Should the US Consider Decriminalizing Drugs?

July 08, 2009 01:00 PM
by Kate Davey
Deciding to relax drug laws worked for Portugal; it apparently failed in the U.K. Could looser drug laws reduce crime in the United States?

Portugal Sees Success in Decriminalizing Drugs

In 2001, Portugal became the first country in Europe to decriminalize personal possession of drugs; instead of sentencing someone to jail for drug use, citizens are offered drug therapy from a social worker, a psychologist and a lawyer. A recent report by the Cato Institute, a libertarian think tank, found that drug use among Portugal’s teens and new HIV infections among drug users have dropped. In addition, more people are seeking help for drug addiction.

British Courts Regret Loosening Pot Laws

Portugal is not the only European country to have tried easing up on its drug laws. In 2004, the United Kingdom lessened the legal punishment for possessing marijuana. Unfortunately, the new legislation was followed by an increase in use of drugs and youth crimes, and a corresponding decrease in arrests. Counter to government expectations that marijuana use was an unlikely motivation for crime, one study of the English city of Sheffield found that 25 percent of young offenders turn to crime to pay for their cannabis habit.

Deeming the experiment a failure, the British government toughened the cannabis laws again in January 2009, imposing a longer prison sentence for possession.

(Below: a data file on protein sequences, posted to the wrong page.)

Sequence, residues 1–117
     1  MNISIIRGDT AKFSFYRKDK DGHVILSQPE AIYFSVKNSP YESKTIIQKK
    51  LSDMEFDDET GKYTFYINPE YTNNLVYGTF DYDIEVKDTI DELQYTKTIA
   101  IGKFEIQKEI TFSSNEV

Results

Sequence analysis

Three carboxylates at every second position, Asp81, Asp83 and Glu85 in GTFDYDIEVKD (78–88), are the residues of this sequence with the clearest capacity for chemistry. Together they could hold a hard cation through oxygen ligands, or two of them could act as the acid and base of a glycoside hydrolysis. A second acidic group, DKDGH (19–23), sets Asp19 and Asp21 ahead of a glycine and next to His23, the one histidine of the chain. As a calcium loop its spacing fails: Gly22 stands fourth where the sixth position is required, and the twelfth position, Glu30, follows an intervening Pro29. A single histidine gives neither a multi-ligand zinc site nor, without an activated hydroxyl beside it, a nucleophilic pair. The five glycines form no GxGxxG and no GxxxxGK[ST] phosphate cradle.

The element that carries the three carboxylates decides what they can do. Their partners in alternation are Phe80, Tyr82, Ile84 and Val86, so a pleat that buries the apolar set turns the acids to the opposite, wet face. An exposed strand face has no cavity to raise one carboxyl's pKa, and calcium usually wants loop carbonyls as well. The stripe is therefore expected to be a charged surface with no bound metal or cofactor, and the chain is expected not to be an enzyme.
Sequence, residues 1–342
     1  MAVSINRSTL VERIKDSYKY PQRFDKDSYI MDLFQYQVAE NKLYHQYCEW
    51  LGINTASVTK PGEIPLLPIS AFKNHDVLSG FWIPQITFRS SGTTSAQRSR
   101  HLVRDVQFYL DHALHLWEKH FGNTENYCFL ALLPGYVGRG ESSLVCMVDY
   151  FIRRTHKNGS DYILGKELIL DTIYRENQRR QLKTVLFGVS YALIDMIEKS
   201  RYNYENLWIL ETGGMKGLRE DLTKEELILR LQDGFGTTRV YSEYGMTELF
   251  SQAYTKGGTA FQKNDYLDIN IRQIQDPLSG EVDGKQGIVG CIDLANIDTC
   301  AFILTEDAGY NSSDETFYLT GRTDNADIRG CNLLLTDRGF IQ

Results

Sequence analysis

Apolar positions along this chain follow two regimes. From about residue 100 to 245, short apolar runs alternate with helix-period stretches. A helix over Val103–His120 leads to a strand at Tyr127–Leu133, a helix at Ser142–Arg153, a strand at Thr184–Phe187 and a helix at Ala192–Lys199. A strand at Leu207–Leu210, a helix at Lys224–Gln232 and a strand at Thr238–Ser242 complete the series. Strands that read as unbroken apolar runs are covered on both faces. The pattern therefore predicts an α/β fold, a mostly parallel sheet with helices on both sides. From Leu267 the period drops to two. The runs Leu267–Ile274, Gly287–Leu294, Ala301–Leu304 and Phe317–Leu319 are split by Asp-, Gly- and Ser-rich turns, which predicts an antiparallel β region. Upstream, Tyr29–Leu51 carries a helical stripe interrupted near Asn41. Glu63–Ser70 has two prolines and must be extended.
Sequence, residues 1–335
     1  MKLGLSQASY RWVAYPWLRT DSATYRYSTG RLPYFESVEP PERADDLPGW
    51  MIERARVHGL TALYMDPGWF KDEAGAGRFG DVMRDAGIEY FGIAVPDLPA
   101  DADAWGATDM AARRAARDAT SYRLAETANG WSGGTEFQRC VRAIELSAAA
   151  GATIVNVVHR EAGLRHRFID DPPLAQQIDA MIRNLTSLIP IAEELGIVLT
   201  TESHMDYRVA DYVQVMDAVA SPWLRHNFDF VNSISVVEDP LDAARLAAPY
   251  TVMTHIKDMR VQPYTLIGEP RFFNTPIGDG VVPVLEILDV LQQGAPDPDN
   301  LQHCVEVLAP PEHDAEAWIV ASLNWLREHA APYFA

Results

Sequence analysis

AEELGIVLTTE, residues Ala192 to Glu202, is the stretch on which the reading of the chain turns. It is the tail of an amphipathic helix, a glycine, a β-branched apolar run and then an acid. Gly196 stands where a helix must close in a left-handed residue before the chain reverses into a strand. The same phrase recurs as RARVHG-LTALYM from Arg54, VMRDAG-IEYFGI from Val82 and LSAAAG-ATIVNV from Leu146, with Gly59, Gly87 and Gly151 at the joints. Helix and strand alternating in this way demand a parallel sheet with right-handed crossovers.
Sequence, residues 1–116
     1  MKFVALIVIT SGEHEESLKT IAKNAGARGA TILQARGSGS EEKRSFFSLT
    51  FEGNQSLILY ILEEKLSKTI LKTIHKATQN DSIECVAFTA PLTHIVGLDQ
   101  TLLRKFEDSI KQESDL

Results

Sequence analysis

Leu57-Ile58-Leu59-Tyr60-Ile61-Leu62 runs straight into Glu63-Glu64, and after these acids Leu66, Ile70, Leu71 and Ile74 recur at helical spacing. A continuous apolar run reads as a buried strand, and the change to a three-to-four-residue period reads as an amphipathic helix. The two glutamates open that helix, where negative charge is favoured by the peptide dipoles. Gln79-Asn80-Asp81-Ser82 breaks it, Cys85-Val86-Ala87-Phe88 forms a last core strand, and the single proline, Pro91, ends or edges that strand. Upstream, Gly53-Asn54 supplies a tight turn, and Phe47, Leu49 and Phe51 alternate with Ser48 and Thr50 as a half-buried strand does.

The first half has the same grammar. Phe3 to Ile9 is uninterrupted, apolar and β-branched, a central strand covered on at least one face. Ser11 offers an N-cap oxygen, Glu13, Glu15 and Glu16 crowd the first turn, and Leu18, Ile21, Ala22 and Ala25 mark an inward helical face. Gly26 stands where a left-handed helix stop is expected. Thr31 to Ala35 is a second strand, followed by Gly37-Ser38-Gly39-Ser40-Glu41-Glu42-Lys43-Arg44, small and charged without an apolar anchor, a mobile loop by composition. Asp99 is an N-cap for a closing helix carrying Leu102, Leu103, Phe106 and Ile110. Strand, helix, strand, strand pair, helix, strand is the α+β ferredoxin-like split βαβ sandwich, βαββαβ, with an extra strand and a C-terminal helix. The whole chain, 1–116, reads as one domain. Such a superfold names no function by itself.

New York Repeals Rockefeller Drug Laws

Portugal’s success may have to do with the fact that Portugal is a small and relatively homogeneous society, unlike the United States or the United Kingdom. Decriminalization of drugs is not likely to happen in the United States anytime soon. However, as Mexican drug wars spill over the border, U.S. authorities at various levels are discussing new approaches to drug use.

For example, in late March, the New York State Assembly agreed to repeal most of its Rockefeller drug laws, which included “rigid mandatory sentences for relatively low-end drug crimes,” and resulted in decade-long sentences. Prisoners serving time for drug use will be able to apply for reductions in their sentences and state officials will offer treatment for nonviolent drug offenders.

Opinion & Analysis: Would decriminalizing drugs reduce violent crime?

In a recent series, The Wall Street Journal covered opposing opinions concerning whether to legalize drugs in the United States. 

John P. Walters, the former director of the Office of National Drug Control Policy from 2001 to 2009 under President George W. Bush, argued that decriminalizing drugs would be the worst thing the United States could do for Mexico, and would not help the United States either. Walters writes, “Just as ending Prohibition did not destroy organized crime in the U.S., legalizing drugs will not break the terrorist criminal groups in Mexico.”

Yale Law professor Steven B. Duke took the opposing view; he believes decriminalization would reduce gang violence and create billions in tax revenues: “What we can and should do is eliminate the black market for the drugs by regulating and taxing them as we do our two most harmful recreational drugs, tobacco and alcohol.” He cites Portugal’s positive results to argue further that decriminalizing drugs could increase the number of addicts seeking treatment, and eventually lead to an overall decline in drug use.

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